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Florida offers an eclectic range of activities and excursions to the common tourist. Between Disney World, countless beaches, and a wealth of stunning state parks, the Sunshine State is home to some of the best adventures for families and outdoor enthusiasts alike. For scuba divers of all levels, Florida is one of the top destinations in the world with hundreds of locations that offer unparalleled opportunities for underwater exploration.

To get you ready for the next time you go scuba diving in Florida, we’ve highlighted our favorite dive spots and where you can camp nearby!

Where to Go Scuba Diving in Florida

1. Biscayne Maritime Heritage Trail

Turtle in blue water

Biscayne National Park is a gold mine when it comes to scuba diving, and it won’t be the last time it makes our list of the top spots for scuba diving in Florida. That said, the Biscayne Maritime Heritage Trail is a fully mapped, underwater trail that traverses six different wrecks, each of which contain different varieties of marine life and maritime artifacts. To add to that, like many of the places on our list, the water in and around the national park is extremely clear, making it a good spot for beginner to intermediate divers who prefer to view wrecks and other marine landmarks from slightly shallower depths.

Camp Nearby: Elliott Key campground

The Elliott Key campground is located within Biscayne National Park, and is located on Elliott Key, accessible by boat only. Elliott Key is Biscayne’s largest island. The campground includes fully functioning restrooms, picnic tables and grills. All campsites are reserved on a first come, first served basis, and camping is permitted in designated areas only.

“This park is all about the water. Awesome kayaking, snorkeling, and scuba diving. The water is beautiful, and the park itself is super relaxing!” —The Dyrt camper Sam D.

2. Molasses Reef

Fish swimming in coral reef

Easily one of the most popular locations for scuba diving in Florida, Molasses Reef is a shallow dive site perfect for beginners to the sport. Located in Key Largo just off of John Pennekamp Park, this is a prime location for many divers looking to test their skills and complete their all-important certification hours. Wildlife commonly sighted in the area includes eels, nurse sharks and several types of fish.

Camp Nearby: The Key Largo Kampground and Marina

Finding great diving and camping in Florida is easy done at The Key Largo Kampground and Marina, an RV and trailer-friendly campground that offers visitors the chance to stay in close proximity of the water. Each site includes water and electricity, and there are two bathrooms at the campground with showers and full facilities.

“Nice campground all the way around; great staff, nice clean restrooms and showers, beautiful beach within the campground itself, nice pool, secure, and if I left anything out I didn’t mean to. Loved this campground all the way around!” —The Dyrt camper Rhonda B.

3. Devil’s Den

Green swamp area with palm trees in background

This unique scuba diving destination is a privately owned training center that owns one of the most unique dive spots in the country. Devil’s Den is an underground spring that is set inside of a dry cave, which has resulted in the preservation of ancient rock formations and fossils dating back 33 million years. Since the diving area is contained, it’s an ideal spot for beginners interested in exploring this prehistoric site.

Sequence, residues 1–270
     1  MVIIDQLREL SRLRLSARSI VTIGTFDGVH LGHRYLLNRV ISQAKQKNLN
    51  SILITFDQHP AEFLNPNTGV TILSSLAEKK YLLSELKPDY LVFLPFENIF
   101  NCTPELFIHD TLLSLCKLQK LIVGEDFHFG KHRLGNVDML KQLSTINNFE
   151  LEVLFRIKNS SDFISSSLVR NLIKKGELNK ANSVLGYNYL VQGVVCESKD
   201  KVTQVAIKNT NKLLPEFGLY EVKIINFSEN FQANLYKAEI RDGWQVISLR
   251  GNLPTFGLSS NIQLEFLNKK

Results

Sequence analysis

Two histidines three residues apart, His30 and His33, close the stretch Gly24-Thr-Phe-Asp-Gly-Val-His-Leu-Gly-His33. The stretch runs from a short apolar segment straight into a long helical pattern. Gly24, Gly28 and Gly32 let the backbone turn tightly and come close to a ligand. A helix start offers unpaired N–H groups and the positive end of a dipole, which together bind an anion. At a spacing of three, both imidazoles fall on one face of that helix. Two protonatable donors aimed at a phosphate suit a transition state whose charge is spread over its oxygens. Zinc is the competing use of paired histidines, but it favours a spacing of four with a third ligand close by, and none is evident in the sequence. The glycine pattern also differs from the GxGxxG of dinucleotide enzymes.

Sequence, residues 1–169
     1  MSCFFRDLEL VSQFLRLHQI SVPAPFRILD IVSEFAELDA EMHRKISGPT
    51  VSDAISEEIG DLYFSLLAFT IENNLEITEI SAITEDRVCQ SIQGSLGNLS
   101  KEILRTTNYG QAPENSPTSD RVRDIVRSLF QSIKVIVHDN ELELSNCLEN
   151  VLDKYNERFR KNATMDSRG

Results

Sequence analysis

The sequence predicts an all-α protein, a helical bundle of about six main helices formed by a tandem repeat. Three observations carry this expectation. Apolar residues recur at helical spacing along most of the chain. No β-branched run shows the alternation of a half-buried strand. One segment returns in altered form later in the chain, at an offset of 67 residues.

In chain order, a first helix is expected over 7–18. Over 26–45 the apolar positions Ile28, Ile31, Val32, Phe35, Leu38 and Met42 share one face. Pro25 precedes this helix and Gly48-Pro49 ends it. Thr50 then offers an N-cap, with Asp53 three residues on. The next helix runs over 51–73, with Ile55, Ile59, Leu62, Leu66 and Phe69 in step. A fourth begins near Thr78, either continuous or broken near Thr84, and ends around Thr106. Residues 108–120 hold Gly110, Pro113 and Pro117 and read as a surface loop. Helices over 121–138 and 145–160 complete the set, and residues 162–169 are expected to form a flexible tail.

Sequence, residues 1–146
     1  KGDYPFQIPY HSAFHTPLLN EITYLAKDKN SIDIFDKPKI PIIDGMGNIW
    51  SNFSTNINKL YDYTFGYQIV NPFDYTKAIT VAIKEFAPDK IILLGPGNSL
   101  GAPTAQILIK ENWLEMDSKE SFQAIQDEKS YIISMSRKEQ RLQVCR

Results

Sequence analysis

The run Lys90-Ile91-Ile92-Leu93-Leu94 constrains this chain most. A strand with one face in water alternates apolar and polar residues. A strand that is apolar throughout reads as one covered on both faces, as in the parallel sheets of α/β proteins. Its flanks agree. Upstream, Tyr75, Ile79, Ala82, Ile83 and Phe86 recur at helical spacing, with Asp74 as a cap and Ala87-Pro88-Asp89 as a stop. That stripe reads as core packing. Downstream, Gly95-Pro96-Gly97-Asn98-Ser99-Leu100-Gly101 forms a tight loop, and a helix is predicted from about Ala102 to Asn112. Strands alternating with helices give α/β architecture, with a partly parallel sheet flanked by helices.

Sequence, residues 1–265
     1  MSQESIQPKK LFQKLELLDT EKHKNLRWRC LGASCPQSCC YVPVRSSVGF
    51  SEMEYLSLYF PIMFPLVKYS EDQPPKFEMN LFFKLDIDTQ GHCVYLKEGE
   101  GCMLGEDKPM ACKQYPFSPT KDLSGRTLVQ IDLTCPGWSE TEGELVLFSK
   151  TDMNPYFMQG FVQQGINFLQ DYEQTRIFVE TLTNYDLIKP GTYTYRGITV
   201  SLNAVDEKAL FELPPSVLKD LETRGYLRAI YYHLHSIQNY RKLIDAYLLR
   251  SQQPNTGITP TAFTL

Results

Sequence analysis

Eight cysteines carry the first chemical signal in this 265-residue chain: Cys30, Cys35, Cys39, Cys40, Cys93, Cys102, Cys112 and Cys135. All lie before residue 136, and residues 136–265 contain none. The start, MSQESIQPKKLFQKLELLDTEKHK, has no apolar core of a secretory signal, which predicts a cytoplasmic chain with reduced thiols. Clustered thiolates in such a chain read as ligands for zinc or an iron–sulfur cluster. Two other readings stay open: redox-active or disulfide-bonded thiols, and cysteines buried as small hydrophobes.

Camp Nearby: Devil’s Den Spring

The Devil’s Den Spring offers camping onsite, with cabin, RV and tent sites. There are four cabins along with 32 RV sites, the majority of which offer electricity, water and sewer hook-ups. The tent sites also have water and electricity. Devil’s Den offers bathroom and shower facilities to campers, as well. All accommodations are located in the tree-laden wilderness surrounding the spring.

“Beautiful grounds. Separate tent and RV camping. Beautiful cabins and pool. But the highlight of camping here is being able to explore Devils Den while snorkeling and or diving.” —The Dyrt camper Jeanene A.

4. Blue Grotto

This dive resort is located on the largest clear water cavern in the country, with more than 100 feet of depth and extremely temperate waters (72 degrees) all year. Since it’s isolated and well run by the team at the Blue Grotto, this cavern is a great spot for divers of all skill levels and lifelong snorkelers looking for an introduction to scuba diving in Florida. The Cave within the Blue Grotto is another must-see aspect of the underwater cavern, as its rock formations are completely undisturbed and visible in their natural, fragile state. An array of wildlife is also visible throughout the cavern, including several species of fish and the ever-loved Floridian sea turtles.

Camp Nearby: The Blue Grotto Campground & Cabins

The Blue Grotto does offer their own cabins for rent for as low as $68 a night. Camping is also available on-site, with tent and RV sites available to guests who want to extend their Blue Grotto scuba diving vacation.

5. Copenhagen Wreck

Another popular diving destination, the Copenhagen wreck is located along the eastern side of the Pompano Drop Off. The ship ran aground in the early 1900s, and, after sinking, has become a flourishing artificial reef for several species of marine wildlife. Given that the wreck itself is well over 100 years old, this location serves as a point of interest for both historical and ecological reasons.

Camp Nearby: The Breezy Hill RV Resort

The Breezy Hill RV Resort is just minutes from the Copenhagen wreck site and offers RV-only camping perfect for families on their Overseas Highway family road trip. The campground includes a clubhouse, a swimming pool, Wi-Fi, a game room and even a library, making it a great place to relax after your daily scuba diving adventure.

6. Biscayne National Park – Half Moon Preserve